Sticker on package

Discussion in 'UPS Discussions' started by Nate1102, Jul 8, 2013.

  1. Nate1102

    Nate1102 New Member

    Everytime time I get a UPS there is an extra sticker with my name and address, a bunch of numbers and there is no barcode on it. Curiously what is this sticker for?
  2. brown67

    brown67 Active Member

    It's a loading label. Barcode is scanned and a label is generated for sorting the package. Info on it is what belt it gets sorted too, truck it's loaded on, where its loaded on truck.
  3. STFXG

    STFXG Well-Known Member

    That sticker has all the information from the package. All your info, shipper info and contents. UPS then sells all that info to companies for consumer research. It also turns it over to the government. It's all in a database somewhere...
  4. jaker

    jaker trolling

    And fedex just like leaving extra blank piece of paper for no reason
  5. scratch

    scratch Least Best Moderator Staff Member

    Brown67 is correct. We call it a PAL, stands for something like Preload Assist Label. It tells the inside people where to sort and load the package so it supposedly is easy for the delivery driver to find it on his route.
  6. bleedinbrown58

    bleedinbrown58 ahhh....the mouth breathers

    The key word being "supposedly" lol
  7. scratch

    scratch Least Best Moderator Staff Member

    Yeah, I threw that word in there on purpose, I make a lot of OT hunting for them!

    In 29 years, I have never had a perfect load where every package is set up stop for stop.
  8. oldngray

    oldngray nowhere special

    I did once I think. I was running a route blind and could just pull the next package off the shelf with no idea of the area I was delivering in.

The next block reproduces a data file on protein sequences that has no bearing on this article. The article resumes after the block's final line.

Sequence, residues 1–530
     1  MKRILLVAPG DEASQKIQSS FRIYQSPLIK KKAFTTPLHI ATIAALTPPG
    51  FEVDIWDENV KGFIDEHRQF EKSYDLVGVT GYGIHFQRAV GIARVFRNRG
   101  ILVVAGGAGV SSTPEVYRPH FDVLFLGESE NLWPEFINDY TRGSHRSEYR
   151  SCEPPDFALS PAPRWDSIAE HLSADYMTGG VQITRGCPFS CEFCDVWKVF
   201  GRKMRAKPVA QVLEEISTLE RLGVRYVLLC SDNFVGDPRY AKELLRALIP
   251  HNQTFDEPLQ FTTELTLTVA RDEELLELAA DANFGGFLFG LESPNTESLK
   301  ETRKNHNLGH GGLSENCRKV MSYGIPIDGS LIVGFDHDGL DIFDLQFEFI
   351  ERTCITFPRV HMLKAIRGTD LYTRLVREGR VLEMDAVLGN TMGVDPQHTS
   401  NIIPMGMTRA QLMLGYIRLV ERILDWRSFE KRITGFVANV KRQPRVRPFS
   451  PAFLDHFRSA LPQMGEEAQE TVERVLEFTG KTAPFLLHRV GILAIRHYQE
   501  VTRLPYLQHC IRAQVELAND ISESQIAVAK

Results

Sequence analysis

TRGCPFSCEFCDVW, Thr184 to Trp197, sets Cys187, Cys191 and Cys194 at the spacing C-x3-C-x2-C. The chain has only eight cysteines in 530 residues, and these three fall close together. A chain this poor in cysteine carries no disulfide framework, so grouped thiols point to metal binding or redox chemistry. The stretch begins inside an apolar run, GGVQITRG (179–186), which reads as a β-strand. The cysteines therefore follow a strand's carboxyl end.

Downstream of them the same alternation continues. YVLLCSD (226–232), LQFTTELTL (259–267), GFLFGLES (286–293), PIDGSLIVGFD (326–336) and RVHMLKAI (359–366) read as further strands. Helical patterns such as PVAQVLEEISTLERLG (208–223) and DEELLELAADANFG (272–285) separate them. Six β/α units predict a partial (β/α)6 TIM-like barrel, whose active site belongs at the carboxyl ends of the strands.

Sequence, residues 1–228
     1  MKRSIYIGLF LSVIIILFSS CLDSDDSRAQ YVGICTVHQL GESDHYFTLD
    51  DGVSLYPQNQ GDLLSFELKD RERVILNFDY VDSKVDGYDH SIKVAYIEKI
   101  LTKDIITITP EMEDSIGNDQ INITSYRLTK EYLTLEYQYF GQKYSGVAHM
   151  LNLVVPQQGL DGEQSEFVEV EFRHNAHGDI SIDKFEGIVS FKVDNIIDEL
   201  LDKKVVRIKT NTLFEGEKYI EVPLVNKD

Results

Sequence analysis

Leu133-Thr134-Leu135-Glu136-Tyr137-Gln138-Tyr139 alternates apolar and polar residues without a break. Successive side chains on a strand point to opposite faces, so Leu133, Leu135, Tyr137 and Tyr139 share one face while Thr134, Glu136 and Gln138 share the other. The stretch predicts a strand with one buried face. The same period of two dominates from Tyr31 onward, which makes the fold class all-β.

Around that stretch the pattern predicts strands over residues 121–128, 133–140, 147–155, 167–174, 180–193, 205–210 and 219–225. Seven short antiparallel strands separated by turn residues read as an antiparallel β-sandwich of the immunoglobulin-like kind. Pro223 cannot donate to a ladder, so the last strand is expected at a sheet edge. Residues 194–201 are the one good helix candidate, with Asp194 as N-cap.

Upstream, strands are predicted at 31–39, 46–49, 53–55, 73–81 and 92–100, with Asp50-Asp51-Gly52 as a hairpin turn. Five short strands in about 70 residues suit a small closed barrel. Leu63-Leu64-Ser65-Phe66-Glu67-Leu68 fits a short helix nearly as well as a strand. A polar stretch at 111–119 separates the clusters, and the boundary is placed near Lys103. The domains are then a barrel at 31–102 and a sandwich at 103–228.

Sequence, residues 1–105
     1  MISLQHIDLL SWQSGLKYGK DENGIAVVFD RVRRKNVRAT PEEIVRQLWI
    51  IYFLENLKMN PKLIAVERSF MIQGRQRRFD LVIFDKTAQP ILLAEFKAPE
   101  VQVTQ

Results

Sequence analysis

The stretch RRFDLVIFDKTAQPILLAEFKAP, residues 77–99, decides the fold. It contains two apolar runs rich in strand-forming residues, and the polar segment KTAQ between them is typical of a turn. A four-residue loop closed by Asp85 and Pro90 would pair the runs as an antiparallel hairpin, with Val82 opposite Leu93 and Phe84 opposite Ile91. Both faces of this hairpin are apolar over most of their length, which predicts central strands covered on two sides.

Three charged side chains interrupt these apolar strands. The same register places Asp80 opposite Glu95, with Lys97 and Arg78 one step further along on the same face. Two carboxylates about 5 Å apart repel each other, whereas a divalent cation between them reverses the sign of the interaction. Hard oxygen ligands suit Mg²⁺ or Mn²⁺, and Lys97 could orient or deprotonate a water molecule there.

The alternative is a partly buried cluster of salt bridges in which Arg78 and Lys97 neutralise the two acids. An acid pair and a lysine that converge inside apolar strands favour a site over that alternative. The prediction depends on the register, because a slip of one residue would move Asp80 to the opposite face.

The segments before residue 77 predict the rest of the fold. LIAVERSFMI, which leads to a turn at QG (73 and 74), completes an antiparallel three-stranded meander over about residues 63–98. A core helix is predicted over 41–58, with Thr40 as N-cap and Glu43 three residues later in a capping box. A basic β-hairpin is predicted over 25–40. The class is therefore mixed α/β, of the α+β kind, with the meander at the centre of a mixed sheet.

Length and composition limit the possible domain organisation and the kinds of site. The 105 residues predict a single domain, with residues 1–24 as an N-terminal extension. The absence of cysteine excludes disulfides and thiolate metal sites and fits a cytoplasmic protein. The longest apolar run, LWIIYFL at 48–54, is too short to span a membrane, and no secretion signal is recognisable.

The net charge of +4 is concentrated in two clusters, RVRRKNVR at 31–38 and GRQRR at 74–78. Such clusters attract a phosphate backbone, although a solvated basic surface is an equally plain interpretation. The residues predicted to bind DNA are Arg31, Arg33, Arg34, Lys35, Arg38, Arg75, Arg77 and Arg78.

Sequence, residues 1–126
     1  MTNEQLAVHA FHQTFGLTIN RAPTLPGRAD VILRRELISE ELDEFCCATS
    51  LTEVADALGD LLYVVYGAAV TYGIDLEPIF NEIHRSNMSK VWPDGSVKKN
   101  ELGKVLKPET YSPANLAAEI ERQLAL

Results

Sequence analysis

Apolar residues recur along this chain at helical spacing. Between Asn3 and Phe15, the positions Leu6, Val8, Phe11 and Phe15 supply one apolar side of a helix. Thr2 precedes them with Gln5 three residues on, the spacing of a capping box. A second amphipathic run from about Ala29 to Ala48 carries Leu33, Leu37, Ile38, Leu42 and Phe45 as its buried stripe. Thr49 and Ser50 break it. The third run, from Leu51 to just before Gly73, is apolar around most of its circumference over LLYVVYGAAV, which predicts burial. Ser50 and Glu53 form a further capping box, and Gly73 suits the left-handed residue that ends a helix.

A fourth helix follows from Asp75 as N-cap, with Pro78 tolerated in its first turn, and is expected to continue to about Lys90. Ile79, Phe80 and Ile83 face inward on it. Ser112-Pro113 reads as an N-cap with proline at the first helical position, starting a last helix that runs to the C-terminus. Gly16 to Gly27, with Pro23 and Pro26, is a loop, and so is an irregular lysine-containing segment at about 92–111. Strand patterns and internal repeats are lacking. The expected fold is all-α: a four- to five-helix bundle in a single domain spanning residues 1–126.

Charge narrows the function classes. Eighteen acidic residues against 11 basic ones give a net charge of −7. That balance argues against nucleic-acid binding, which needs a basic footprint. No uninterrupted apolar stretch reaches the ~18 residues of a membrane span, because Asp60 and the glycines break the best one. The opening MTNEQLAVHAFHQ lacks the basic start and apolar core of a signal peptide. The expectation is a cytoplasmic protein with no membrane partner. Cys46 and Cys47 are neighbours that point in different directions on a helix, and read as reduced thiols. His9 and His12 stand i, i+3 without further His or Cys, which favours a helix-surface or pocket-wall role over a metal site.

9. UpstateNYUPSer

    UpstateNYUPSer Very proud grandfather.

    Technically they scan the density barcode (bullseye), not the 1Z barcode.
  10. Shryp

    Shryp Member

    I worked preload once or twice when they switched from the stickers to the ink stamp things in my building and those scanners could scan either. I got one with a barcode that wouldn't scan and the guy next to me said just scan the bullseye thing and I was shocked that worked. :)
  11. oldngray

    oldngray nowhere special

    don't they call the density code UPScode? I think I remember when UPS got the patent on that
  12. oldngray

    oldngray nowhere special

  13. Anonymous 10

    Anonymous 10 Guest

    The sticker is for suspected drug activity.
  14. oldngray

    oldngray nowhere special

    and you would know ..... how?
  15. scratch

    scratch Least Best Moderator Staff Member

    MaxiCode - Wikipedia, the free encyclopedia

    Maxicode is the square barcode made out of dots. I don't think it went over as well as originally planned. It was supposed to be about a hundred numbers that would record things like the shipper number, address, and customer invoices among other things. I don't think that my DIAD reads it, basically just the scanners in hubs use it.
  16. Cementups

    Cementups Box Monkey

    I had my old route set up in EDD almost stop for stop. And when the preloader would load it as such it was magnificent. I could be off the clock at 4:30 with a full hour lunch.
  17. Gumby

    Gumby *

    I had one perfect load. It was on my three day OJS. My sup had 2 preloaders in my truck to make sure the load was perfect. Labor was thrilled to death when I had 2 signed Affidavits from my loaders telling him the same thing! It was great my Oc center manager and Dv crapped themselves!
  18. Anonymous 10

    Anonymous 10 Guest

    It's a joke :censored2:pantz
  19. TooTechie

    TooTechie Geek in Brown

    Diad5 has the reader to read the square QR style bar code but it won't be available until a future software push.
  20. scratch

    scratch Least Best Moderator Staff Member

    UPS got the patent on Maxicode something like 21 years ago, its about time we use it. I think the original idea was to give more info during tracking, for example it would show exactly which packages arrived in a multiple package delivery.
    Last edited: Jul 8, 2013